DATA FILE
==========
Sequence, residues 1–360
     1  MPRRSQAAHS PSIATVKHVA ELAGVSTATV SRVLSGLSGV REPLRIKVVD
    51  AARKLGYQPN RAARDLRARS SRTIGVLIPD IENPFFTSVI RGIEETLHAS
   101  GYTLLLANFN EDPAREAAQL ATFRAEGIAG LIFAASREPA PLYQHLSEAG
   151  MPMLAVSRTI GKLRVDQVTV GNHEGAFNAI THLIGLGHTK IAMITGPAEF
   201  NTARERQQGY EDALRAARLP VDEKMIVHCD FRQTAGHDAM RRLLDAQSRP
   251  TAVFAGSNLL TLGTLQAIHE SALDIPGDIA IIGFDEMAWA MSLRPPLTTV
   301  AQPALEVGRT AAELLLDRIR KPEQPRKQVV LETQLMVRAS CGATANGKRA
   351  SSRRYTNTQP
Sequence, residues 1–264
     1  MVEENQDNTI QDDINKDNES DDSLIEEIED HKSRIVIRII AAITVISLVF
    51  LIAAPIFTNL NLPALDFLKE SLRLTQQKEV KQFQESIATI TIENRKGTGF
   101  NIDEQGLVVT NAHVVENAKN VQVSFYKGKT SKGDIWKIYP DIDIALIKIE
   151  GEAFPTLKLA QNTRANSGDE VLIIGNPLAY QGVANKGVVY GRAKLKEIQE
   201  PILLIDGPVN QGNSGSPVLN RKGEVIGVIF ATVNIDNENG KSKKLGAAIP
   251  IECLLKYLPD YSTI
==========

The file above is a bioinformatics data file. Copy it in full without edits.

Sequence, residues 1–360
     1  MPRRSQAAHS PSIATVKHVA ELAGVSTATV SRVLSGLSGV REPLRIKVVD
    51  AARKLGYQPN RAARDLRARS SRTIGVLIPD IENPFFTSVI RGIEETLHAS
   101  GYTLLLANFN EDPAREAAQL ATFRAEGIAG LIFAASREPA PLYQHLSEAG
   151  MPMLAVSRTI GKLRVDQVTV GNHEGAFNAI THLIGLGHTK IAMITGPAEF
   201  NTARERQQGY EDALRAARLP VDEKMIVHCD FRQTAGHDAM RRLLDAQSRP
   251  TAVFAGSNLL TLGTLQAIHE SALDIPGDIA IIGFDEMAWA MSLRPPLTTV
   301  AQPALEVGRT AAELLLDRIR KPEQPRKQVV LETQLMVRAS CGATANGKRA
   351  SSRRYTNTQP
Sequence, residues 1–264
     1  MVEENQDNTI QDDINKDNES DDSLIEEIED HKSRIVIRII AAITVISLVF
    51  LIAAPIFTNL NLPALDFLKE SLRLTQQKEV KQFQESIATI TIENRKGTGF
   101  NIDEQGLVVT NAHVVENAKN VQVSFYKGKT SKGDIWKIYP DIDIALIKIE
   151  GEAFPTLKLA QNTRANSGDE VLIIGNPLAY QGVANKGVVY GRAKLKEIQE
   201  PILLIDGPVN QGNSGSPVLN RKGEVIGVIF ATVNIDNENG KSKKLGAAIP
   251  IECLLKYLPD YSTI